Tuesday, 29 June 2010

"Life on Mars," Series 1, Episode 2 essay task on postmodernism

 Transition class from AS to A2

Prepare by writing notes for this essay question.
In what ways is Life on Mars a post modern TV drama?
You can watch the first part of the episode again by clicking this link
Find the others so you can fill out your notes further.

Pick up the final intertextual references and contrasts between the reality of 1973 and 2006 in this last part of the episode. Use the info. below to help you make notes and points. ( The 1968 film, The Good, The Bad and Ugly and the 1939 film, The Wizard of Oz. Why are these references there? What meanings do they add to "Life On Mars" or it characters?)
CLICK HERE for the link to the end of this episode.

Essay Task: how do audiences react to this post modern TV drama?
As you watch the second episode of Life On Mars (2006)  pause sometimes so you can write notes on the following points:

How is reality represented?
1. What is real and what is hyperrealHow does the programme suggest Sam Tyler may be dreaming up the early 1970s while in a coma from his hospital bed? How does the programme show that this may just be an immersive dream?

2. Intertextuality Can you identify references to other texts/programmes/music from the past: the 1970s buddy cop shows, The Sweeney (UK) and Starsky and Hutch (USA). When you spot or hear an intertextual or cultural reference try to explain how to adds meaning to your text.

3. The historical context - How the programme’ meaning(s) for our time comes out of being set in the past. Consider the issues of Sam Tyler’s identity and his political correctness from 2006 and how this clashes in particular with Gene Hunt. Consider also how Sam's ethics and police methods clash with Gene Hunt's: a scientific approach verses instinct.

How does the programme consciously show politically incorrect behaviour and attitudes for audiences to judge them in our time:

• racism

• sexism including the treatment of women

• homophobia and masculinity

• inappropriate language/terms

• smoking

• drinking

• swearing

• references to people from our time ( in some episodes)

• ideology ( out of place beliefs )

• violence

• driving

• police behaviour and other inappropriate behaviour

• your ideas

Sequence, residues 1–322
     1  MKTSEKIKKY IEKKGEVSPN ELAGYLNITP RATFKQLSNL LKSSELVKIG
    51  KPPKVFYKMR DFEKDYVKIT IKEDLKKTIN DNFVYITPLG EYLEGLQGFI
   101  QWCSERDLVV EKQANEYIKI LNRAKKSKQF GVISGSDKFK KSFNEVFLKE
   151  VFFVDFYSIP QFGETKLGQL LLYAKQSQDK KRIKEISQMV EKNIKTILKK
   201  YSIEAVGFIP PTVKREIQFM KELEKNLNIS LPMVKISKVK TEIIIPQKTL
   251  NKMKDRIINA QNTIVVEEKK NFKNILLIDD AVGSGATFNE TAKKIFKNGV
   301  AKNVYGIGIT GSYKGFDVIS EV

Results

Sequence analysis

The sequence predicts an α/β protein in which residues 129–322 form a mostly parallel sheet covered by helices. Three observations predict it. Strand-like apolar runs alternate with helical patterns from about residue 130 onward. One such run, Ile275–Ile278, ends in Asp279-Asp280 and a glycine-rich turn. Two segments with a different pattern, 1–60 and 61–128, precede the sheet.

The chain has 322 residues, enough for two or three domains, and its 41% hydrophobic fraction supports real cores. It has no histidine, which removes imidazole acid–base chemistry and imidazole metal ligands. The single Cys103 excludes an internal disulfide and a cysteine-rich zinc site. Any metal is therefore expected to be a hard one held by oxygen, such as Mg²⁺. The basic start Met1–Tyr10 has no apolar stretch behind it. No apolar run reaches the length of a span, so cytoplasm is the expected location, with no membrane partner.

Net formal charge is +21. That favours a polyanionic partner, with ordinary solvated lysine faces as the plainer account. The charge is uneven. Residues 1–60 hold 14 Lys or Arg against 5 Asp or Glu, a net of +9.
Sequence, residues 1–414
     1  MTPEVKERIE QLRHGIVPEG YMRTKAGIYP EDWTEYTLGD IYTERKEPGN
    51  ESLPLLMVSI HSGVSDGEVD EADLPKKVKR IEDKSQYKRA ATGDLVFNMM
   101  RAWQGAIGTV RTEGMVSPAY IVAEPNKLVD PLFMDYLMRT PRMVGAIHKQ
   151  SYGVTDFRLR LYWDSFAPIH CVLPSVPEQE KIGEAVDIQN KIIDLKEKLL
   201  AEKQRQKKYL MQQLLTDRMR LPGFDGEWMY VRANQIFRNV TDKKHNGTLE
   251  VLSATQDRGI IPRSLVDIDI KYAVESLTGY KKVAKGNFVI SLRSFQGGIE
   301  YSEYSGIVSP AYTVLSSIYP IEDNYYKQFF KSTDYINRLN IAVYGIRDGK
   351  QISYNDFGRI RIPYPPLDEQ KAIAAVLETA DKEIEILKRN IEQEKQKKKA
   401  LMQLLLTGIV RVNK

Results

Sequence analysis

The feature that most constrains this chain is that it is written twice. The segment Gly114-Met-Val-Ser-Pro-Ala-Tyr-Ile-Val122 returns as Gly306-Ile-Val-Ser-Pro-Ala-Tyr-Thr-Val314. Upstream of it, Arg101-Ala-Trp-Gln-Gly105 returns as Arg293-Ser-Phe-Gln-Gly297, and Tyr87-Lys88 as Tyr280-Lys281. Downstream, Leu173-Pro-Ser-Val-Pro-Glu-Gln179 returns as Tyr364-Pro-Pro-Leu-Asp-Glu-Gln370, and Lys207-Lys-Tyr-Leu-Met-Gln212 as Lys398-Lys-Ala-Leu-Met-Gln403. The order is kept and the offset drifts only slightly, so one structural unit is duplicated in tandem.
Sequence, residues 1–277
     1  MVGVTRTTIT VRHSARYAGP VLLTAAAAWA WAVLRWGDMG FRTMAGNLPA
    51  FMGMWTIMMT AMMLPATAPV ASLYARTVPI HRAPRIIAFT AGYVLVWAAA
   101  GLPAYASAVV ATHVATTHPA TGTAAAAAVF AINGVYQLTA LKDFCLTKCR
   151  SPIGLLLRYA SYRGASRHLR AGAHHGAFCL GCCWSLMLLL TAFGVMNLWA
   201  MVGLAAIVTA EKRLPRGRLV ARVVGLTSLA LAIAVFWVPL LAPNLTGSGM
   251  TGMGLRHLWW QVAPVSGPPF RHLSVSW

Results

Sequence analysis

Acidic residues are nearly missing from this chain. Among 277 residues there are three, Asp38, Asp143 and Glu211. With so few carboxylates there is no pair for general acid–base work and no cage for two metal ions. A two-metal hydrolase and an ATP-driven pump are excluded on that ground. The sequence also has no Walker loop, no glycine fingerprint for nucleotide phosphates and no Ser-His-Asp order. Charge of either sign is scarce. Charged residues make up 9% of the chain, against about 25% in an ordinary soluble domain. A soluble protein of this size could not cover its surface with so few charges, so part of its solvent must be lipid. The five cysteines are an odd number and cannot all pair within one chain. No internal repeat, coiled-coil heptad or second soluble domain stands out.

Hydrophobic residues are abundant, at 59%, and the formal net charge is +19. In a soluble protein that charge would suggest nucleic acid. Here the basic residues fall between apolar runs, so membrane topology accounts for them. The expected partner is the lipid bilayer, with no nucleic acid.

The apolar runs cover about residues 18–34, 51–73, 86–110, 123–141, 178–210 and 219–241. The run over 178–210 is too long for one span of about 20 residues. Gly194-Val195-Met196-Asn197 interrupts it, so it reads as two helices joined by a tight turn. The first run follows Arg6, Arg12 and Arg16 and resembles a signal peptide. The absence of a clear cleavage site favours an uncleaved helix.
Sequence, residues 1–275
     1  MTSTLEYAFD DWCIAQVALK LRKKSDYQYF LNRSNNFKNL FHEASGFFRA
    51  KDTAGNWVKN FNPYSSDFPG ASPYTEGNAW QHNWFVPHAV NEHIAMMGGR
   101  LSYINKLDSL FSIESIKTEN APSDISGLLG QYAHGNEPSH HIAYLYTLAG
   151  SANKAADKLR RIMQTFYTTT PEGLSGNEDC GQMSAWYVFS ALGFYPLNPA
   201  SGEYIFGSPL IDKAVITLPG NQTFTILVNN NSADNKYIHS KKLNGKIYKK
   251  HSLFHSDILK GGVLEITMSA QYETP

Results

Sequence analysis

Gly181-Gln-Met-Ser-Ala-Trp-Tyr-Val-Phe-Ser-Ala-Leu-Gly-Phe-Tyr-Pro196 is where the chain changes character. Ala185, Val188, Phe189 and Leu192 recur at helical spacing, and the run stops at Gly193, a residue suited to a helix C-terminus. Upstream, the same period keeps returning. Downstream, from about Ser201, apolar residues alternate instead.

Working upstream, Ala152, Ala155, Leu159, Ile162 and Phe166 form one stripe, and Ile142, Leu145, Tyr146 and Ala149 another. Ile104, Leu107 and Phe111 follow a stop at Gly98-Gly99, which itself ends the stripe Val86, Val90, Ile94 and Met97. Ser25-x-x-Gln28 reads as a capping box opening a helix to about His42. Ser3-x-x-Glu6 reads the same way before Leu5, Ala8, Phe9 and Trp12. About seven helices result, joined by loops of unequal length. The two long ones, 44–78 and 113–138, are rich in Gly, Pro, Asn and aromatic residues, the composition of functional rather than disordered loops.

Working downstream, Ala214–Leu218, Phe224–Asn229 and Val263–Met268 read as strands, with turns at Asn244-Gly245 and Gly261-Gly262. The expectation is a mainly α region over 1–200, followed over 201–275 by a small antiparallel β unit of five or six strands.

4. How useful are technical forms of representation for understanding this “text” as postmodern? (Camerawork, mise-en-scene, editing, lighting, etc.) For example, Gene Hunt’s POV shot of the female witness with the close up of her chest.
Here is just ONE of the intertextual links that you might easily miss. The main villain, Kim Trent, triumphantly whistles "Quinn The Eskimo (The Mighty Quinn)" (1967) as he leaves the police station. Listen to the song's lyrics and consider why. Identify other intertextual references and think about the meaning(s) that they add to the episode.

Sunday, 20 June 2010

The Difference Between Modernism and Postmodernism

A challenging read for beginners - but worthwhile.
The difference between modernism and postmodernism

Here's and explanation of post modernism with images from Metapedia

Saturday, 19 June 2010

A Key Terms Media Studies Quiz

Drag the term to its explanation ( or vice-versa ) to make it disappear.

Quiz 1 Key Terms Quiz
Quiz 2 for Textual Analysis
Quiz 3 Postmodernism (Too tough for beginners!)

A comedian's view of postmodernism

Postmodernists reject any notion of grand "truth",  such as say belief in God or the narratives associated with God. Similarly,  the idea or narrative that science is going to improve our lives is rejected also. Indeed any grand narratives are held suspect. For postmodernists "truth", if it exists at all, is all relative and may only be found in little stories or micro narratives and experiences of ordinary people and those living on society's fringe. No one religion has the answer as each faith group has its own beliefs - and "may" have some "truth" on its side. The main French theorist who advances this idea is Jean-Francois Lyotard (1924-1998).

Of course, you do not need to believe in any of this, as this comedian makes clear. And in any case, to argue that there can be no "truth" is somewhat contradictory as one is trying to advance a grand "truth" that there is no "truth"!

Saturday, 12 June 2010

Revision for the post modern media

                 Don Draper's "Carousel" pitch to Kodak on "The Wheel".

This is the chief examiner's advice on how to write an an exam answer. It's for "Media In The Online Age" but the approach is transferable. Note also his advice for question 1b for the five areas.
  • Audience
  • Narrative
  • Genre
  • Representation
  • Media Language

Most of you did this in class, but there were a few absences. It is certainly easier to argue that the texts you studied are post modern rather than being not. However you still need to be aware of counter arguments: it has all been done before and the arguments are not new - Plato's "Allegory of the cave" (see the earlier post) and arguments from other websites on this page:
 and on this one:

What you need to revise to write about in the exam ( if you answer on post modern media )
Each of the four texts we studied in class lend themselves to being labelled "post modern" in different ways. Sometimes these ways overlap, sometimes, not. For revision you should use the key concept guides you have been given for key terms and your own notes and understanding to help you create a table which identifies four or five key, post modern features of each text. Then be able to ARGUE FOUR detailed examples from at least TWO selected areas in the examRemember that you will only have to answer on two post modern media texts and not all four!